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Maggie Syme and Rebecca Syme

Subject Psychology

DOI: 10.1111/b.9781405161251.2009.x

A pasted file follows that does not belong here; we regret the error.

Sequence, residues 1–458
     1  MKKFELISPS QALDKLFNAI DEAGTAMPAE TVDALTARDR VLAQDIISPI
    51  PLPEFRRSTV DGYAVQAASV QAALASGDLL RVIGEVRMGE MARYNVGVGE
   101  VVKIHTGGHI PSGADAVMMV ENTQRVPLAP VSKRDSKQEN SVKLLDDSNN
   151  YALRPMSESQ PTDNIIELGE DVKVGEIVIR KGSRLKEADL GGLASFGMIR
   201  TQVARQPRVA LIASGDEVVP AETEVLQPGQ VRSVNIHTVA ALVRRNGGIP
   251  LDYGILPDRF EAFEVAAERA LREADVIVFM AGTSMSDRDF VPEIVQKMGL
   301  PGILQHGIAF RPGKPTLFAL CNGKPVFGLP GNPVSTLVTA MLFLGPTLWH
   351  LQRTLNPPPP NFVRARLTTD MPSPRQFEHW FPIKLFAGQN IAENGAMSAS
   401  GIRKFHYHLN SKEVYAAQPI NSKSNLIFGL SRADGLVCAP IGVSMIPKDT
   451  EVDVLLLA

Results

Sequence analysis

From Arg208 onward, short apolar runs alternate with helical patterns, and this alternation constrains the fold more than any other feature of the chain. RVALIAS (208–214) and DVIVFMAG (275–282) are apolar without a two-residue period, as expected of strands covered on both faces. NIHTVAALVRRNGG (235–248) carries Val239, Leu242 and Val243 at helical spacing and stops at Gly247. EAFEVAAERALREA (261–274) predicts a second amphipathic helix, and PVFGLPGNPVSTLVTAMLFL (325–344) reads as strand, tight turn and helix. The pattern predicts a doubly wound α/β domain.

Prayer is an act of communication between an individual and a specific reality, such as a supernatural being or natural force. It is a central practice of many religions, typically the means of connecting the individual or group to the divine. However, prayer has been shown to be prevalent among both religious and non-religious persons. The multidimensional nature of prayer makes it easily adaptable to a variety of human experiences. Though prayer is used by both religious and nonreligious alike, the dominant function of prayer is as a means of religious expression. Each religion, however, utilizes prayer in a slightly different way. In some religions, for instance, prayer is a daily requirement, whereas other religions encourage regular prayer with no stipulated practice. Some faiths encourage public prayer and some emphasize private prayer. The monotheistic religions emphasize both ritual (or sacramental) and spontaneous prayer. Most religions believe that the divine being or force (god, universe, nature) reciprocates communication with the individual or group and may measure the effectiveness of prayer by external signs or circumstances. Different religions emphasize different elements of prayer. The Second Pillar of Islam is ritual prayer – five prayers each day at set times with accompanying bodily positions of veneration. Buddhists practice metta , which is a combination ... log in or subscribe to read full text

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